This Oil Severance Tax money should be used to reduce taxes or fix infrastructure that need addressing. I have tried for the last five years to get one mile of road adequately repaired, it has never happened. No money, no people, no equipment, no materials! I was told years ago that there was going to be a fund set up to address the repairs, but this has never happened.
The taxpayers have been asked to increase taxes to provide more sheriff’s deputies. Now the commissioners want more money to fund a new jail. Also, there is concern that the tax base may be lowered because of the Cobell buyback program. Would it not be a better use of this money to save it for upcoming expenses or fixing current needs rather than giving the privileged few a raise?
Bill Juve, Taxpayer
(Editor’s Note: The above letter was presented at the compensation board meeting to the board members and reprinted here by request of Bill Juve.)
Written by John Plestina
A Michigan couple, accused of attempting to obtain narcotics by deception, entered not guilty pleas in 15th District Court Wednesday, Aug. 13.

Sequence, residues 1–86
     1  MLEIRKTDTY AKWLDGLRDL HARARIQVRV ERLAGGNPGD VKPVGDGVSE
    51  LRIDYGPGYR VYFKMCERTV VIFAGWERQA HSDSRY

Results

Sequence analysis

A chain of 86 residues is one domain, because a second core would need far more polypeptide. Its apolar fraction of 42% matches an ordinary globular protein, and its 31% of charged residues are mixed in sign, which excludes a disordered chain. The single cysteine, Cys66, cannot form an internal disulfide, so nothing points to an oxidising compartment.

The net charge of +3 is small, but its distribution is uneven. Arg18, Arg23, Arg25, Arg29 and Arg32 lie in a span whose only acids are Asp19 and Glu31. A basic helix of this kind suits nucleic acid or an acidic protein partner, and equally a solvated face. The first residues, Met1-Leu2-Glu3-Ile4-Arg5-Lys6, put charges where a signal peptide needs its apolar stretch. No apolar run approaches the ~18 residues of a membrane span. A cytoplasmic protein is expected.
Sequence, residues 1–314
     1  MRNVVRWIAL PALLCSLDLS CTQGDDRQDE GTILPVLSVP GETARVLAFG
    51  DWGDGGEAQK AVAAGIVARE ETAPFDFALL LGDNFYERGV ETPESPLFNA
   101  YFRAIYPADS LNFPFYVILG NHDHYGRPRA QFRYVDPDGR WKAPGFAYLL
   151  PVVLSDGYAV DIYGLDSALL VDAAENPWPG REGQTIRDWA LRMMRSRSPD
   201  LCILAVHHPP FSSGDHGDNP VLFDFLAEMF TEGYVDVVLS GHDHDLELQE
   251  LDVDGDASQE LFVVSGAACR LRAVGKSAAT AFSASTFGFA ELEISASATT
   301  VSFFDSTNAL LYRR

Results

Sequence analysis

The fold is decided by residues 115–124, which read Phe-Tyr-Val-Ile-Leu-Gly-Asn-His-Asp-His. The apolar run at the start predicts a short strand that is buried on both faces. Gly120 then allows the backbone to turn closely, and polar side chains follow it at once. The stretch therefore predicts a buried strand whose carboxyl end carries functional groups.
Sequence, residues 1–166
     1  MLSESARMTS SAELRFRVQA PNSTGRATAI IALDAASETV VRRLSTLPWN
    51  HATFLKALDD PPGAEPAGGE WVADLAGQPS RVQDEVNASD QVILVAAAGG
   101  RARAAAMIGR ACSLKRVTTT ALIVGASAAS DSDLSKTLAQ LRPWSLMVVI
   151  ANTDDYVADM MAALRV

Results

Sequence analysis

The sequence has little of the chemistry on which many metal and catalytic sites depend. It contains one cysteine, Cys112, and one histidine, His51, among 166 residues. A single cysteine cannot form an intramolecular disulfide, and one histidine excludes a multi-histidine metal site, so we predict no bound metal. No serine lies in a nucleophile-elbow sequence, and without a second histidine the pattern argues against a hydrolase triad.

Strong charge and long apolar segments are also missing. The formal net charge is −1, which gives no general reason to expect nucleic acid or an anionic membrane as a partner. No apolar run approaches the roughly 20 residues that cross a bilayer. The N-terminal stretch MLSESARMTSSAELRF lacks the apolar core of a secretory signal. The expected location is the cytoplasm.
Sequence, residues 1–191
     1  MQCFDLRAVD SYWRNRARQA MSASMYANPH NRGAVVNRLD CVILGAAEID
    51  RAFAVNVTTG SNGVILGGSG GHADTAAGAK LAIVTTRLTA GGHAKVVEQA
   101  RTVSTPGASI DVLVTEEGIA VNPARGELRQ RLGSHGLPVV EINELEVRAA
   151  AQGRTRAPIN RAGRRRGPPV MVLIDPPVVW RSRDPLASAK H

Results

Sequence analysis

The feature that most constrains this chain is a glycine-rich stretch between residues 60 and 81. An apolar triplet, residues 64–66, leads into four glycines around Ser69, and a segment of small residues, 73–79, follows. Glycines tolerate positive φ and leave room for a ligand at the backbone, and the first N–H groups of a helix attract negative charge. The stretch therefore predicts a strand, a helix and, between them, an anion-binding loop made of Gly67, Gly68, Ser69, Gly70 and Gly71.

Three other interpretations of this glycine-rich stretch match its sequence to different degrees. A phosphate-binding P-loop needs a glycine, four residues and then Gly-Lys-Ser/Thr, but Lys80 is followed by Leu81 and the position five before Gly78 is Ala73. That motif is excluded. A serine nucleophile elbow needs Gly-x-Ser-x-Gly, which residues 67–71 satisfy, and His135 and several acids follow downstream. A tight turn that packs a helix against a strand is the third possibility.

Jesse Gottschalk and Shelby Rider, both 22, and both of Algonac, Mich., are alleged to have attempted to obtain drugs from Roosevelt Medical Center in Culbertson by making false claims.
Both are charged with felony possession of dangerous drugs, attempting to fraudulently obtain dangerous drugs and possession of drug paraphernalia.
Both are scheduled for trials Nov. 13.
Defense attorneys Mark Epperson, representing Rider, and Mary Louise Zemyan, resenting Gottschalk, requested bail reductions from $50,000 to $10,000. Assistant county attorney Jordan Knudsen opposed the reductions. Judge David Cybulski reduced bond to $20,000 for each. They also must waive extradition if freed on bond.